So I ate cleaner, trained smarter, but most of all I worked on my mindset, or consciousness, heart, whatever you want to call it. I stopped complaining, to the best of my ability, and when I was with someone who was negative, I tried to listen without judging. I started looking for the good, and expecting it. Then it showed up everywhere, and things started to flow. There was a zombie walk for hunger a few towns over, so my best friend and I drove over, he got made up like a zombie, I got made up like a victim and we walked a mile and a half or so. I have some cool pictures of me walking with my cane, covered in fake blood and a pretty realistic looking head wound. I started feeling much better, and taking more responsibility for my health. I fell in love again with High Intensity Training (HIT). Brief, but heavy, intense weightlifting sessions that focus on building muscle by hitting momentary muscle failure quickly, and safely, so that recovery and growth time is maximized. It's a much more healing way of pumping iron, as opposed to the High Volume over-training I'd done in the past. I also started running, and that more than anything helped my back. I was also still doing yoga, but for some reason running just worked for me. I had to start with slow jogs on dirt trails, but eventually I worked up the stamina to run on asphalt. That year I ran the Thanksgiving 5k again. In the spring I did a challenge, dropped some weight, and haven't needed the canes since. In the summer I ran my first 10k.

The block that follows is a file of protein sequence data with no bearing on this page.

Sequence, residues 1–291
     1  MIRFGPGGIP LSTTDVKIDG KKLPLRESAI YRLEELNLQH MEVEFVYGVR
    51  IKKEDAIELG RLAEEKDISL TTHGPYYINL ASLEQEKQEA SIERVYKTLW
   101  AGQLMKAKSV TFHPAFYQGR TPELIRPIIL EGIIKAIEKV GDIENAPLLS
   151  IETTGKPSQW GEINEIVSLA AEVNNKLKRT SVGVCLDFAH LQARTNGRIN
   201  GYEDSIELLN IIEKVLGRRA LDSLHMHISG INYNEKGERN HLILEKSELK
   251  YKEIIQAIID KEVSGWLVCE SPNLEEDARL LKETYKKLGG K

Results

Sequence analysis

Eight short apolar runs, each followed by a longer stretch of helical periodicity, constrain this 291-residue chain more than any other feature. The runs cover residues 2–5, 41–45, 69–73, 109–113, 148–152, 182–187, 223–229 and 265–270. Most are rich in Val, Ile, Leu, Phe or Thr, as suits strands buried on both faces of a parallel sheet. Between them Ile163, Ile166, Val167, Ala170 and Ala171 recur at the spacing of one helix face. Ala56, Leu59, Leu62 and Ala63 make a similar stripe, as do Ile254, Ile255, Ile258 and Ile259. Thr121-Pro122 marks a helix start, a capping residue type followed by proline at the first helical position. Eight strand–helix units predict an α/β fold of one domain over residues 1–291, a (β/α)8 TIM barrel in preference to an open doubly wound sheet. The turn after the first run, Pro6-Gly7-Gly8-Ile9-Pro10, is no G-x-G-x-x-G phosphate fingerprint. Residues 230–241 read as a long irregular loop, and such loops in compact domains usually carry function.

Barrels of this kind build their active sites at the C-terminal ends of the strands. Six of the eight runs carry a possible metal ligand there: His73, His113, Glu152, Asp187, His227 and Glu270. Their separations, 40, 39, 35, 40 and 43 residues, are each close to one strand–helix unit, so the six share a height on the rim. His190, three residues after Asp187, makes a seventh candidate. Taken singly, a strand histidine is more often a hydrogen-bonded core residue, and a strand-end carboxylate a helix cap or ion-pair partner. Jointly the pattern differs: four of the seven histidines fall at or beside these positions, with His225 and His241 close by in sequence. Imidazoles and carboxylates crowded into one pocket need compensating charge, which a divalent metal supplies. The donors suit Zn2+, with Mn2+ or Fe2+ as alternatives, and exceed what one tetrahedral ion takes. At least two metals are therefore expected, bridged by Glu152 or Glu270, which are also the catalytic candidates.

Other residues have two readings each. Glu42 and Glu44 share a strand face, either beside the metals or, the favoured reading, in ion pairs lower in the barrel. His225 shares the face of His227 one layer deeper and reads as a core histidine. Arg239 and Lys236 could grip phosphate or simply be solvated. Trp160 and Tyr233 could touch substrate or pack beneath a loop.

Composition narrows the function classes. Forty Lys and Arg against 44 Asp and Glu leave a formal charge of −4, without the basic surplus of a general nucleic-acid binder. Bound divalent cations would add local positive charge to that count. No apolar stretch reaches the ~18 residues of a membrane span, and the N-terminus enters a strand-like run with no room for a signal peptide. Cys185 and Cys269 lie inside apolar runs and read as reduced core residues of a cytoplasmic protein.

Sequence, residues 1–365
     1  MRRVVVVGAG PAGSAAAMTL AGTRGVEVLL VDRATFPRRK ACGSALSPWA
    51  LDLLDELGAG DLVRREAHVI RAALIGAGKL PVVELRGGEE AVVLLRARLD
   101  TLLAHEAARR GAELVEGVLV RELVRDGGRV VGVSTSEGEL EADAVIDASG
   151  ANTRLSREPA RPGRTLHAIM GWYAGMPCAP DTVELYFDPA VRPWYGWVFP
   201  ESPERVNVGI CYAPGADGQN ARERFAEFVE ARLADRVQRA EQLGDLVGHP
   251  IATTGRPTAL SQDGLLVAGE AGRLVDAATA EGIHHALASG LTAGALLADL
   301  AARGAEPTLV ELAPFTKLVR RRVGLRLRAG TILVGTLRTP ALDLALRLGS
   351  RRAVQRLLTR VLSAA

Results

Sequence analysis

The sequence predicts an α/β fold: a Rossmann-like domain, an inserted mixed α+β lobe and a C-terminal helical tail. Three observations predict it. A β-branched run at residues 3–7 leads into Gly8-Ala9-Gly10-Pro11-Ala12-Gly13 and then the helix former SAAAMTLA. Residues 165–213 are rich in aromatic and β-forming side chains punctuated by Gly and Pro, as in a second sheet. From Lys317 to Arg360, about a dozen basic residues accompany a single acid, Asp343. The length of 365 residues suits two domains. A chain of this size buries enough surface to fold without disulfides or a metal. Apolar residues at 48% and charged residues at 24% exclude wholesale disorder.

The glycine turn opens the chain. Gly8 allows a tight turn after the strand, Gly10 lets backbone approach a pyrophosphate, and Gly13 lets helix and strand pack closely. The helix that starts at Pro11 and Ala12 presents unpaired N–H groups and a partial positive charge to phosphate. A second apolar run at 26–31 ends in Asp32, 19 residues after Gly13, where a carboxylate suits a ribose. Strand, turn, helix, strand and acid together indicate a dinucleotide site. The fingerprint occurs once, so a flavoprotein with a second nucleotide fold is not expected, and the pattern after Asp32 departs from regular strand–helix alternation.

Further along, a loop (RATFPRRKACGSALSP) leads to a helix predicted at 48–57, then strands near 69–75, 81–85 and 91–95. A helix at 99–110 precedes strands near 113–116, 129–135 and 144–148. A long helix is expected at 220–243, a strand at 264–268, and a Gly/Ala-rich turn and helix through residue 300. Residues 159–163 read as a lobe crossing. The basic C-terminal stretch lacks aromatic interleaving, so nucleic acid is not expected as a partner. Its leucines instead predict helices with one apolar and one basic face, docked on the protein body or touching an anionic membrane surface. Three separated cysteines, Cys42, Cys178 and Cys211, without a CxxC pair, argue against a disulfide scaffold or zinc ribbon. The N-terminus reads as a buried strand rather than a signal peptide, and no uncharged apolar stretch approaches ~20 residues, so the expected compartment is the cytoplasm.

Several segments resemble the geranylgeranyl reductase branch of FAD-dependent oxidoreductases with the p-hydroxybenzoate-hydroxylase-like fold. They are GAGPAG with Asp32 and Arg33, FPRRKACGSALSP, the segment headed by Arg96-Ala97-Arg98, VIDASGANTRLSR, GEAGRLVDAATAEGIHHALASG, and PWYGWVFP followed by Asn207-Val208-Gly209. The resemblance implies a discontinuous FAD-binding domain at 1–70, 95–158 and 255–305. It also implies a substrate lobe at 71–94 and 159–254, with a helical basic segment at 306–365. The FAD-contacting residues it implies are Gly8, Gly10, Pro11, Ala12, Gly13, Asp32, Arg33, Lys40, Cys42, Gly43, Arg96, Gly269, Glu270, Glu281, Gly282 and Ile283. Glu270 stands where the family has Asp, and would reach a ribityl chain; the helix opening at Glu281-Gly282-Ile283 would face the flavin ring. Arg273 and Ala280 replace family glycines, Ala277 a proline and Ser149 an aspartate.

That was something I didn't think I was capable of. I decided to challenge myself and run the 1/2 Marathon in Hartford in October. So I started training for it. While training a friend of mine died unexpectedly. That had quite an effect on me. I sort of felt guilty that I have so much knowledge about how to get healthier and stronger, but ultimately it seems like most people don't want to hear anything about it. I came to the conclusion that I can't "talk it" so I have to "walk it." But, "walk the talk" sounds so pompous, and also a lot of work. I just wanted to "have fun and do what needs to be done." I decided I was going to run the full marathon. 26.2 miles. Something I never dreamed of in a million years, but I trained smart, and I listened to my heart. And I ran it. My goal was 4 hours 20 min. And I ran the Hartford Marathon within 4 seconds of that goal. The thing that blew me away was how much I enjoyed it.